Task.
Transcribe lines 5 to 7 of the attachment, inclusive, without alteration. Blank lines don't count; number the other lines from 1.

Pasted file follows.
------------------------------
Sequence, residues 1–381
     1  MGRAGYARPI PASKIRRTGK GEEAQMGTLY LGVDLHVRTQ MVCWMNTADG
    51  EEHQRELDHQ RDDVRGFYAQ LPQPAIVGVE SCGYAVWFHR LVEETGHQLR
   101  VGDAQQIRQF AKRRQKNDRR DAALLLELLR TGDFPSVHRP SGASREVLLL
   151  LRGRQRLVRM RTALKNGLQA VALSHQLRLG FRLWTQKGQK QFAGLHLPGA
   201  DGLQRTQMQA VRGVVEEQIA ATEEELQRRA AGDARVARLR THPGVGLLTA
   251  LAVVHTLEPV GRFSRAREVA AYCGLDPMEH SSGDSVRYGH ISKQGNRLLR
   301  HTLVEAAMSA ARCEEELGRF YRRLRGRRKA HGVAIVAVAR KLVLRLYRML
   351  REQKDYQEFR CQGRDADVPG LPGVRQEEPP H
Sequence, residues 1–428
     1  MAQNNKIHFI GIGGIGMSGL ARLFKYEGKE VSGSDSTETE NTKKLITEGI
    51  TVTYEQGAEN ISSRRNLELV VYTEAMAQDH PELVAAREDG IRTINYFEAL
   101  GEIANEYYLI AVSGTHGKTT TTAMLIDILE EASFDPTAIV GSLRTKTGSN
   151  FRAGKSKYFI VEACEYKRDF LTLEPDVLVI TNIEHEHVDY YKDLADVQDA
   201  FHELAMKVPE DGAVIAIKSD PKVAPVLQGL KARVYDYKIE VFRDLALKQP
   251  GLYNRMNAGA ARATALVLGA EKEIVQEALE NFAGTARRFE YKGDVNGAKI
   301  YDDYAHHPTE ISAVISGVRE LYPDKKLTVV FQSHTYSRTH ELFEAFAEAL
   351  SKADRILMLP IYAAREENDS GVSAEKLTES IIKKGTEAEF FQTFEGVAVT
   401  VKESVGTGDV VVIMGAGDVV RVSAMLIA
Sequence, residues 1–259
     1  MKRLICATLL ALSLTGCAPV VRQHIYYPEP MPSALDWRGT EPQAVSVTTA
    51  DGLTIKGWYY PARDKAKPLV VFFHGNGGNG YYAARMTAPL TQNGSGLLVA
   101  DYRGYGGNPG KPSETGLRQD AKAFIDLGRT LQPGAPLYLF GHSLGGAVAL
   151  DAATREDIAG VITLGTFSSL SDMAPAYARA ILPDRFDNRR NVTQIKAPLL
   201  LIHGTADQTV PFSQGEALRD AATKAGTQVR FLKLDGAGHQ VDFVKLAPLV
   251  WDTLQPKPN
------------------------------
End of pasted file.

   151  LRGRQRLVRM RTALKNGLQA VALSHQLRLG FRLWTQKGQK QFAGLHLPGA
   201  DGLQRTQMQA VRGVVEEQIA ATEEELQRRA AGDARVARLR THPGVGLLTA
   251  LAVVHTLEPV GRFSRAREVA AYCGLDPMEH SSGDSVRYGH ISKQGNRLLR